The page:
Madame Grisi, Signor Mario, and Signor Tamburini, City Hall, 9th September 1847

On page three of The Glasgow Herald, on the 30th of August 1847, Jos. T. Macfadyen used one of the advertising columns to inform the public that he had been instructed to announce a Grand Concert featuring Madame Grisi, Signor Mario, and, for the first time in Scotland, Signor Tamburini. The progamme featured scenas, trios, duets, etc., which had been the favourites of the season at the Royal Italian Opera.


As tickets were not yet available, on the 30th, applications could be made to Mr. Macfadyen, London Piano-Forte Warehouse, 133 Buchanan Street, Glasgow.


The Herald provided a review of the concert, on the 10th of September, page two, under the heading GRAND CONCERT:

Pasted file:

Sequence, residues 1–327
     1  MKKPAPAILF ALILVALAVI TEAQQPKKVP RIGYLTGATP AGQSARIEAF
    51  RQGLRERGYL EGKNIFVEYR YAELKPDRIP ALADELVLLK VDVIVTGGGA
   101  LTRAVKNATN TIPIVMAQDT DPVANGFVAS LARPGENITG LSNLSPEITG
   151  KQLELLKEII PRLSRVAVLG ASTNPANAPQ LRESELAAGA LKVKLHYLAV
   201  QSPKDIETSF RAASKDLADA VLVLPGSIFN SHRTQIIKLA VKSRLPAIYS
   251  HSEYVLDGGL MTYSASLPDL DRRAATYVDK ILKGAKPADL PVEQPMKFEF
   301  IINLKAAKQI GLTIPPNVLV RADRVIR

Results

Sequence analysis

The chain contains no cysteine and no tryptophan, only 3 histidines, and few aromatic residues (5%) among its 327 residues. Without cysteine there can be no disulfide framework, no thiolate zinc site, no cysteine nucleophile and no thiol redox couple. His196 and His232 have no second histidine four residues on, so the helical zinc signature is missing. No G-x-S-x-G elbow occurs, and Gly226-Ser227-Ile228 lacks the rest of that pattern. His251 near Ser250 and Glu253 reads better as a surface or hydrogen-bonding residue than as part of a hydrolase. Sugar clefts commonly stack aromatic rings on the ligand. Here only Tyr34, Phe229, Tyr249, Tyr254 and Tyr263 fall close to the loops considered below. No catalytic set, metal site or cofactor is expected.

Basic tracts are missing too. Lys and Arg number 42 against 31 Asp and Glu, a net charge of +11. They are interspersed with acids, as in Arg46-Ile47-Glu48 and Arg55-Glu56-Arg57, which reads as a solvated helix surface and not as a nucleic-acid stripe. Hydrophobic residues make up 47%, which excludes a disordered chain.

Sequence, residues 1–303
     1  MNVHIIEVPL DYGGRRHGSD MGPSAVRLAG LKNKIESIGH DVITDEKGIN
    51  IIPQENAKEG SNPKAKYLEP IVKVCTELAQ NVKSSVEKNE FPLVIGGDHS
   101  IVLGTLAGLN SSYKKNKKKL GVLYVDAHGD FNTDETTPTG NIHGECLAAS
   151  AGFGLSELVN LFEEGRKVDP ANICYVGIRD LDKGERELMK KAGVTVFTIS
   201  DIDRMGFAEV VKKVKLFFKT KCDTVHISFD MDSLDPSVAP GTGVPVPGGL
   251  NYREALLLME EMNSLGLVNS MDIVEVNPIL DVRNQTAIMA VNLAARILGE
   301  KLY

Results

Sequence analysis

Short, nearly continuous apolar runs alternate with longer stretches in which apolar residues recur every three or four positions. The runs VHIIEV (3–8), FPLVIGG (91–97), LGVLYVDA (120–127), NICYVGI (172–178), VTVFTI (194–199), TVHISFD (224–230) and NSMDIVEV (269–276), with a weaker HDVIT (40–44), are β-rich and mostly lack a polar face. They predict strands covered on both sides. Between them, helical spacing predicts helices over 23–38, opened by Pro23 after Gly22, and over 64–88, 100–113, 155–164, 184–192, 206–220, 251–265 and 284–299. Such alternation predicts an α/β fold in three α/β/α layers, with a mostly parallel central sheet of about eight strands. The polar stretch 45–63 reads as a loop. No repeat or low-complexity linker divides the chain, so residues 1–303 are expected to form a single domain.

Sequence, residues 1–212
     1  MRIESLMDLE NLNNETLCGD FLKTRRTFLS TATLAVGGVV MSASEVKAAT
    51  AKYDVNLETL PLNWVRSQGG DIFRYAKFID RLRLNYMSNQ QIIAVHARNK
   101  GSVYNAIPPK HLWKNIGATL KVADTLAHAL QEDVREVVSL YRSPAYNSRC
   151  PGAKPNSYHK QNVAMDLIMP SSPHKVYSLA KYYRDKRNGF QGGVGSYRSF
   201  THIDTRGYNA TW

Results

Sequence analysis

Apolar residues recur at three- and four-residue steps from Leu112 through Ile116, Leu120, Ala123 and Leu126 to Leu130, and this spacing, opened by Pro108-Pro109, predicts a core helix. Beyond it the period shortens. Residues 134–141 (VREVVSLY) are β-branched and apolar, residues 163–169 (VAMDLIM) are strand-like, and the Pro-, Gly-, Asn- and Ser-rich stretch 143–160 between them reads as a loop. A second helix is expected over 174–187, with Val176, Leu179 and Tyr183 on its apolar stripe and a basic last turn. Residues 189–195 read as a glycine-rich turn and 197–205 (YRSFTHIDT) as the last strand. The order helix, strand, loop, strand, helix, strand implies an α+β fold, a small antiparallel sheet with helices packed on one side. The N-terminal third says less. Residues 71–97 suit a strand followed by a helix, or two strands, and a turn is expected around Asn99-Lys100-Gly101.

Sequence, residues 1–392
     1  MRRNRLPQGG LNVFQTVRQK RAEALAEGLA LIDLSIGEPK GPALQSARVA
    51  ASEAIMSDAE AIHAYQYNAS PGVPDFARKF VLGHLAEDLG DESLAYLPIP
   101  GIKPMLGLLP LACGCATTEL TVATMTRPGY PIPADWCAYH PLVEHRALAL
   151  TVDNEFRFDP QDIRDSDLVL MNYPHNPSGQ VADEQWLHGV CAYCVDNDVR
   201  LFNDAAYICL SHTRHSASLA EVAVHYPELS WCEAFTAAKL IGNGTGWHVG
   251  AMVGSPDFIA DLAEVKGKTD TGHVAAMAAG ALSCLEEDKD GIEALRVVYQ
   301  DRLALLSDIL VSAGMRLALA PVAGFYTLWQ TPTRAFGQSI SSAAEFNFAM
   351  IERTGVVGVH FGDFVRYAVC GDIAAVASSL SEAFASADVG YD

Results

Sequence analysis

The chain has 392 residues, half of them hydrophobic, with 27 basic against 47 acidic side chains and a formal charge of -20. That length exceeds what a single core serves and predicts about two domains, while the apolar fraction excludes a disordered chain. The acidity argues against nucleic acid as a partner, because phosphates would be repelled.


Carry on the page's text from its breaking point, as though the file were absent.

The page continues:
“Last evening Madame Grisi and Signors Mario and Tamburini, accompanied by Mr. J. L. Hatton, gave a concert in the City Hall. As might have been expected of the three principal singers from the Italian Opera, the singing was of the most exquisite character. As we had only time to wait over the first part of the performance, anything like an elaborate critique is not to be looked for at our hands. Still we cannot refrain from pointing out the Aria from La Gazza Ladra, which Signor Tamburin [sic?] sang in the most finished style, as was also the Cavatina from La Donna del Lago by Madame Grisi, and Come Gentil from Don Pasquale by Signor Mario. The two last elicited a hearty and unanimous encore. but the most delightful piece to us, was the Quartett [sic] A te o cara, from I Puritani. In this, the fascinating tones of the several voices made the very perfection of harmony. The Hall was not so well filled as might have been expected. Probably the near approach of Jenny Lind’s concert might deter some, but we can tell them that even though the Swedish nightingale should turn out to be a finer singer than Grisi, it is altogether improbable that there will be any such concerted music as that given last night.”